Friday, 14 February 2014

19° century London, Unitarians and Evangelical Alliance

In our day we have seen something of an Evangelical Alliance, that is, a manifestation of the great fact that people are yearning after a Catholic union, and are caring less and less for denominational differences.  The Unitarians all speak and write of the orthodox as of a body of Christians perfectly distinct from themselves.  Yet there is an approximation between them, nevertheless.  Unitarianism, as it becomes a living faith — as it leans to the theology of the sweetest singers and most impassioned orators of the universal Church — becomes in sentiment and practice orthodox; while orthodoxy, as it grows enlightened, and burst the bonds of habit, and, laden with the spoils of time, gathers up the wisdom and the teaching of all the ages underneath the sun, sanctions the Rationalism and the spirit of free inquiry for which Unitarianism has ever pleaded and its martyrs have died in our own and other lands.

Sign on a UU church in the United States.
Sign on a UU church in the United States. (Photo credit: Wikipedia)
Actually, at the meeting of the British and Foreign Unitarian Society, an effort was made to get rid of the title altogether, and to call themselves instead a British and Foreign Free Christian Association, on the plea that the Christian Church consists of all who desire to be the children of God in the spirit of Jesus Christ His Son, and that, therefore, no association for the promotion of a doctrine which belongs to controversial theology can represent the Church of Christ.  To this Unitarianism has attained in our time.  This is the teaching of Foster, and Ham, and Ierson, and Martineau — a teaching seemingly in accordance with the spirit of the age.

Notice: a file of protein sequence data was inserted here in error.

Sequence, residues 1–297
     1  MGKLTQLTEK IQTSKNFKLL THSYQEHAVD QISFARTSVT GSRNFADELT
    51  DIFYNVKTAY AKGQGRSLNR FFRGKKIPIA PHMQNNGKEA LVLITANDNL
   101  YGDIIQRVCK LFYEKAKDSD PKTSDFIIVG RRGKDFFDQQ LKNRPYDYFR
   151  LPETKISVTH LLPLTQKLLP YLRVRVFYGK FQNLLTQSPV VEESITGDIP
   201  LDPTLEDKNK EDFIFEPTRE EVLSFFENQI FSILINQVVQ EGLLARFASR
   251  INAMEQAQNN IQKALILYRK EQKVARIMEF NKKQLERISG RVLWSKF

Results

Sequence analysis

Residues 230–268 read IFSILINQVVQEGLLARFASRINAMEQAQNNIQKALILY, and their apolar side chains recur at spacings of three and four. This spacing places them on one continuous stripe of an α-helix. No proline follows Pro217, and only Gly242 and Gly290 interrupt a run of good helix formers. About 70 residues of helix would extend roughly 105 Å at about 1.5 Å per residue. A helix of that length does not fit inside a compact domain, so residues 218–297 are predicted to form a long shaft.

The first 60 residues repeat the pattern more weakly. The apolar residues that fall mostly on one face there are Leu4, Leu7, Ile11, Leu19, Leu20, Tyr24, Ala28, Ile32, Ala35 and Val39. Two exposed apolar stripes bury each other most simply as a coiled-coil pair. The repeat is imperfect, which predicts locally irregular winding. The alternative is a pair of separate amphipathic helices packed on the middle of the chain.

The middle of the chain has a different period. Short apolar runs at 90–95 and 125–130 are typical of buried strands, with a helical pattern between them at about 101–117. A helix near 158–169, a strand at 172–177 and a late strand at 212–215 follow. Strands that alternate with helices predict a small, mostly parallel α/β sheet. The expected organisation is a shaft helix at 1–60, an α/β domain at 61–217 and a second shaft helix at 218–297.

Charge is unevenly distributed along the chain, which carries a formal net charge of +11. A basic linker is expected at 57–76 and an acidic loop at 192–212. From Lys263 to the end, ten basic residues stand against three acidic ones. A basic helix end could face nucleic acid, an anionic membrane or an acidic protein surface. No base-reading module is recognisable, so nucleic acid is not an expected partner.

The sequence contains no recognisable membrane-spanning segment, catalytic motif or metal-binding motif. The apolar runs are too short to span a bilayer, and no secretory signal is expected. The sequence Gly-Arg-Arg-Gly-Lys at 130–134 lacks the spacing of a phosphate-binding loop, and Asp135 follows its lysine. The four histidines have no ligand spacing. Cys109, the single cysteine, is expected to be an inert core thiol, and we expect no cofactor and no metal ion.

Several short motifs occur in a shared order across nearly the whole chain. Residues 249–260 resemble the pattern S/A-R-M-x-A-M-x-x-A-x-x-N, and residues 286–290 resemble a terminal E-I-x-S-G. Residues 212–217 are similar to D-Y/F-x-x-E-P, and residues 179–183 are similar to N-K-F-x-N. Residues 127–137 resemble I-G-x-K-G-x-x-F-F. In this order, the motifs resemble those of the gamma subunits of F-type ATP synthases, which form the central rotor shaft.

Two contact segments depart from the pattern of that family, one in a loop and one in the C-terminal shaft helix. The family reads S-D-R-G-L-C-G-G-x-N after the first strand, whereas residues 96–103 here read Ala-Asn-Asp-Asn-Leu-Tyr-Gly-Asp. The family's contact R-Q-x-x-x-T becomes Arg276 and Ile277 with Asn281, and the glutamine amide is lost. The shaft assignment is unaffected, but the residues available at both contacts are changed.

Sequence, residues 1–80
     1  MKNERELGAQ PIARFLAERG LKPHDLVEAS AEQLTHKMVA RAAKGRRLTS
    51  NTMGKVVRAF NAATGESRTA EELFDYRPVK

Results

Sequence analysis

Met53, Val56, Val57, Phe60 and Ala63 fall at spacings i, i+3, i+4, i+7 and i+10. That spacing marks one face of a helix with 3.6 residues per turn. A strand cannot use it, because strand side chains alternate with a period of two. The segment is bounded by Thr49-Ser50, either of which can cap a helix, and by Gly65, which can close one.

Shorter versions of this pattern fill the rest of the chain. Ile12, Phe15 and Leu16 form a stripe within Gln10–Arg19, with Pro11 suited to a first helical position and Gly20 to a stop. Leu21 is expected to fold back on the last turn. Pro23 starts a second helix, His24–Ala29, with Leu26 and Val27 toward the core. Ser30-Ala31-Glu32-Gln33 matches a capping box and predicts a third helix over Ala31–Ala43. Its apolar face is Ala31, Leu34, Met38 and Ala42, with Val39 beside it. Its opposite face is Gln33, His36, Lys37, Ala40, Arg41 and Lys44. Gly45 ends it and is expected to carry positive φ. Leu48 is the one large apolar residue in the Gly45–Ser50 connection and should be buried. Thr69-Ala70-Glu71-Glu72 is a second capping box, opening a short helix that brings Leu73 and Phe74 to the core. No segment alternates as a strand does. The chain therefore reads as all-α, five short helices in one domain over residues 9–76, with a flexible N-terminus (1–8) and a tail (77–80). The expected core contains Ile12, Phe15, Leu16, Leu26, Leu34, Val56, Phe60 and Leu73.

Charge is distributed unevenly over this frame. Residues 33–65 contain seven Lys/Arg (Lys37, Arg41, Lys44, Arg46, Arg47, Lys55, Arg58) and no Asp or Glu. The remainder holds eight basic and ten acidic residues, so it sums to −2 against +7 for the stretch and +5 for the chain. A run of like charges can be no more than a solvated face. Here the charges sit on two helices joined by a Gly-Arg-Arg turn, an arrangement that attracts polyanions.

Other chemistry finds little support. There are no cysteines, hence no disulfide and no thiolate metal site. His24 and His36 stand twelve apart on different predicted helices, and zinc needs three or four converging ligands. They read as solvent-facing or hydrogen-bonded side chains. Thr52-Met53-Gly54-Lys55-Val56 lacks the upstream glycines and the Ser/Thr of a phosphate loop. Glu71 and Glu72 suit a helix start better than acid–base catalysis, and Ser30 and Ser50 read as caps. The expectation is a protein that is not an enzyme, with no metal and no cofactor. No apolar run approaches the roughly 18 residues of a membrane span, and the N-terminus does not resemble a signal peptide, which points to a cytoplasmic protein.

Unitarian theology is always coloured with the philosophy of the hour, and consequently it is now spiritual and transcendental instead of material and necessitarian.

As regards London, the statistics of Unitarianism are easy of collection.  In their register we have the names of fifteen places of worship, where HolyScripture is the only rule of faith, and difference of opinion is no bar to Christian communion.  In reality Unitarians are stronger than they seem, as in their congregations you will find many persons of influence, of social weight, of literary celebrity.  For instance, Sir Charles Lyell and Lord Amberley are, I believe, among the regular attendants at Mr. Martineau’s chapel in Portland Street.  At that chapel for many years Charles Dickens was a regular hearer.  The late Lady Byron, one of the most eminent women of her day, worshipped in Essex Street Chapel, when Mr. Madge preached there.  In London the Unitarians support a domestic mission, a Sunday-school association, an auxiliary school association, and a London district Unitarian society.

- p. 196 - p 204 from The Religious Life of London by J. Ewing Ritchie
Release Date: June 16, 2010  [eBook #32844]

Language: English

Character set encoding: ISO-646-US (US-ASCII)
The Project Gutenberg eBook, The Religious Life of London, by J. EwingRitchie 
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